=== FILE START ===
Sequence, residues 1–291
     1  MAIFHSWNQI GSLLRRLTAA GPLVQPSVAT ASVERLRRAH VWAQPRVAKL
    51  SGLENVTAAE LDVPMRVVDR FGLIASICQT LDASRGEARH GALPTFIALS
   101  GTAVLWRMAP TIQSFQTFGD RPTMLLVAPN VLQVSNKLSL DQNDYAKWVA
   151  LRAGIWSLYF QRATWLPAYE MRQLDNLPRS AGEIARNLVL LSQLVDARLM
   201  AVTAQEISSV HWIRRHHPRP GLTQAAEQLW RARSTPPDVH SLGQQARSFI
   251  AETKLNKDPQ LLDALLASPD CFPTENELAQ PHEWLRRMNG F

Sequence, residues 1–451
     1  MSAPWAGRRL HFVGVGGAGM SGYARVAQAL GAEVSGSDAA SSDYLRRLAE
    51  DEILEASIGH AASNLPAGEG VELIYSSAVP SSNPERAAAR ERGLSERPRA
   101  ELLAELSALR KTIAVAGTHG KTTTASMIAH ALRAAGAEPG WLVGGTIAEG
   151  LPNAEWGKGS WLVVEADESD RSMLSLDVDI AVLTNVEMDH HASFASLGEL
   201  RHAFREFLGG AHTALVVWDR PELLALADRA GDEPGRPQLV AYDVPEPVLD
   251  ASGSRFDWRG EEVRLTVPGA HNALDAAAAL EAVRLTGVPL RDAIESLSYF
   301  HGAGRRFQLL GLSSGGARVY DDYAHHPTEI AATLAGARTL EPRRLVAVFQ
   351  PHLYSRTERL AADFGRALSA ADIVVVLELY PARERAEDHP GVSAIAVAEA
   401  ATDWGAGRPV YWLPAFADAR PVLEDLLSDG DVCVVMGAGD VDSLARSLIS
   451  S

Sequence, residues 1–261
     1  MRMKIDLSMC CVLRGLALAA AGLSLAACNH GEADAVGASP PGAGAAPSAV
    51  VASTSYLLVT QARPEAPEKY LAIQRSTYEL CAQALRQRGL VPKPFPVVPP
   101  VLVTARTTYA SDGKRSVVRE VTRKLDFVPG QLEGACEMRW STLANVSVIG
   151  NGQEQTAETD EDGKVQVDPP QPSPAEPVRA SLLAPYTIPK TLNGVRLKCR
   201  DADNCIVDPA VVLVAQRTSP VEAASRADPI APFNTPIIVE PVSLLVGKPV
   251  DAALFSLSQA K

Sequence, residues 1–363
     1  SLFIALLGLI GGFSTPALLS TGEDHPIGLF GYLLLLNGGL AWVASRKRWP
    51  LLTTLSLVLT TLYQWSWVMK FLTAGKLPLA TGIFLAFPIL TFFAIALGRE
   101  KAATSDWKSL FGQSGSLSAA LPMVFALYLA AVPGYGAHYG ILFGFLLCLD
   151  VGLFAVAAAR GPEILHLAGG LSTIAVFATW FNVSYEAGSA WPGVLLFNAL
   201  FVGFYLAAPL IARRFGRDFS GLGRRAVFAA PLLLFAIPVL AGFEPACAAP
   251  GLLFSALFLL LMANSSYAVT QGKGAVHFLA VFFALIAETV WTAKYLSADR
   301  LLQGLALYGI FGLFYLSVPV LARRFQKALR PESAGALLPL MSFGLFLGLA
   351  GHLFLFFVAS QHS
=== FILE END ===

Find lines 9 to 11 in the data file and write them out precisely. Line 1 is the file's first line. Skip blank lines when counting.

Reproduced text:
     1  MSAPWAGRRL HFVGVGGAGM SGYARVAQAL GAEVSGSDAA SSDYLRRLAE
    51  DEILEASIGH AASNLPAGEG VELIYSSAVP SSNPERAAAR ERGLSERPRA
   101  ELLAELSALR KTIAVAGTHG KTTTASMIAH ALRAAGAEPG WLVGGTIAEG